Simon Stevin's equal division of the octave

Annals of Science 44 (5):471-488 (1987)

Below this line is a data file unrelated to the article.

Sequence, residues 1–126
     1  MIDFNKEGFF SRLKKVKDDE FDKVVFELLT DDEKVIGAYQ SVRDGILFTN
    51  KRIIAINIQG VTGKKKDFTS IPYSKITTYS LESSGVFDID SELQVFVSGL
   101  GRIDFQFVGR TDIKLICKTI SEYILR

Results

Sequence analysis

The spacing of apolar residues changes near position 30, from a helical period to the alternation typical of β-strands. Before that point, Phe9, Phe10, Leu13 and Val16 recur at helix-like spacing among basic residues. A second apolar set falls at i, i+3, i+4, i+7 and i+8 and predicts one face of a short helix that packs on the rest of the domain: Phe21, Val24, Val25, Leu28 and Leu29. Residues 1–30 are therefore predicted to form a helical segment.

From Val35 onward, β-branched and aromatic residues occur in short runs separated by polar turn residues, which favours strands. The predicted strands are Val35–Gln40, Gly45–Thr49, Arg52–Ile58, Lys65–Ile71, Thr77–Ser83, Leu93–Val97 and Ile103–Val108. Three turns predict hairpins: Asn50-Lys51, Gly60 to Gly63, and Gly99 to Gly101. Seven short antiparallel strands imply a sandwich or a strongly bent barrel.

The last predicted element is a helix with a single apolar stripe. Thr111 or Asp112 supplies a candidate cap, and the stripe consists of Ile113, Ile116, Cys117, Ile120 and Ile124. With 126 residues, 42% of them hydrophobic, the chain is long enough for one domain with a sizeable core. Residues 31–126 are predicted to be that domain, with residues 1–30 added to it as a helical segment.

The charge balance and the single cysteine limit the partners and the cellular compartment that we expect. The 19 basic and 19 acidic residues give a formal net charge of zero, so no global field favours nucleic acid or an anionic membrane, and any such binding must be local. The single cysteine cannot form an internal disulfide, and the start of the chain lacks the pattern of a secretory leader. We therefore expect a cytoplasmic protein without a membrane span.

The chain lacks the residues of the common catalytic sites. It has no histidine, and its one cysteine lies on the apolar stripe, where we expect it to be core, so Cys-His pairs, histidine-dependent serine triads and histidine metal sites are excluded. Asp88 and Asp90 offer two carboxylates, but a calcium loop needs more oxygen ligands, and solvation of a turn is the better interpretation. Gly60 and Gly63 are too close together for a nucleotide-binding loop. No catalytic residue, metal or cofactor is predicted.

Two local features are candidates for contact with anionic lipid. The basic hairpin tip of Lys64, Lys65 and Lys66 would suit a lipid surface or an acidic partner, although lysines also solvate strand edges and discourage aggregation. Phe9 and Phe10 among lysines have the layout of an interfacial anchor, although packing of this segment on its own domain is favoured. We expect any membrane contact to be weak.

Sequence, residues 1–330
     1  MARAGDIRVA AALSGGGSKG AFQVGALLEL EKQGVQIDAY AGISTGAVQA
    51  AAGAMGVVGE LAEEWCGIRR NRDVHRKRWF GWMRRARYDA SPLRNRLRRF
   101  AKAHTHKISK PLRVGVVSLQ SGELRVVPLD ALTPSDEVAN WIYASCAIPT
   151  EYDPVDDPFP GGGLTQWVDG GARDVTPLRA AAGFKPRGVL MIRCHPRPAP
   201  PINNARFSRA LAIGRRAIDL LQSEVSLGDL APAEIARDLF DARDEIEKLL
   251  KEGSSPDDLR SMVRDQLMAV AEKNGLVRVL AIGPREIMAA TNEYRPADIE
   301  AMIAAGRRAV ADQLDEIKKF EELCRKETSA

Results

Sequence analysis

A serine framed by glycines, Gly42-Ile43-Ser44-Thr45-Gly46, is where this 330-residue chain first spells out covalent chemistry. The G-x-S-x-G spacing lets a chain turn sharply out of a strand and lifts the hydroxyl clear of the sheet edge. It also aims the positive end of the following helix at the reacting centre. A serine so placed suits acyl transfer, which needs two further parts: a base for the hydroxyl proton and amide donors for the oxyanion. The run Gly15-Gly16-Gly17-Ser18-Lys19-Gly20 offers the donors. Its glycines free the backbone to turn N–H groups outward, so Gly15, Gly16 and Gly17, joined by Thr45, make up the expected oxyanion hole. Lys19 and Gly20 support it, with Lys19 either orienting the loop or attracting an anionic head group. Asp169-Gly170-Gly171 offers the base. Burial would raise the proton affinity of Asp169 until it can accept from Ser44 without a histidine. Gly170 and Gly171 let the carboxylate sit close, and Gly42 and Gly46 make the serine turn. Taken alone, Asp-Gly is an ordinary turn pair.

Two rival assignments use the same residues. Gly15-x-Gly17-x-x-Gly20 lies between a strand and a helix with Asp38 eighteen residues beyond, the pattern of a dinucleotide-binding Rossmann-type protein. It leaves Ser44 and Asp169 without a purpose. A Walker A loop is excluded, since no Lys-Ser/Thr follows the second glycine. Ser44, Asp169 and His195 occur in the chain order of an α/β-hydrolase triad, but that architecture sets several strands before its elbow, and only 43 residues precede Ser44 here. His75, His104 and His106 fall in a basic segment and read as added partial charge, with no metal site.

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Many pioneers of the Scientific Revolution such as Galileo, Kepler, Stevin, Descartes, Mersenne, and others, wrote extensively about musical theory. This was not a chance interest of a few individual scientists. Rather, it reflects a continuing concern of scientists from Pythagorean times onwards to solve certain quantifiable problems in musical theory. One of the issues involved was technically known as ‘the division of the octave’, the problem, that is, of which notes to make music with. Simon Stevin's contribution to this issue, in his treatise Vande Spiegheling der Singconst , is usually conceived of as a remarkably early plea for equal temperament, which is the tuning system we nowadays all take for granted. In this paper I show that, even though it is true that Stevin calculated the figures for what is now known as equal temperament, in fact the subject of temperament has almost nothing to do with his accompanying considerations, and that, therefore, his calculations served another purpose. A careful analysis of the problem situation in the science of music around 1600, reveals that Stevin's treatise highlights a particular stage in the history of what has always been the core issue of the science of music, namely, the problem of consonance. This is the search for an explanation, on scientific principles, of Pythagoras' law: ‘Why is it that those few musical intervals which affect our ear in a sweet and pleasing manner, correspond to the ratios of the first few integers?’ Through an analysis of the source material available we find that Stevin's theory, which makes no sense if interpreted as an early stage in the ‘evolution’ of equal temperament, was meant as a solution—as freshly original as it was wrongheaded—to this perennial problem of consonance, which has continued to baffle some of the best scientific minds from the very beginning of science to the present day



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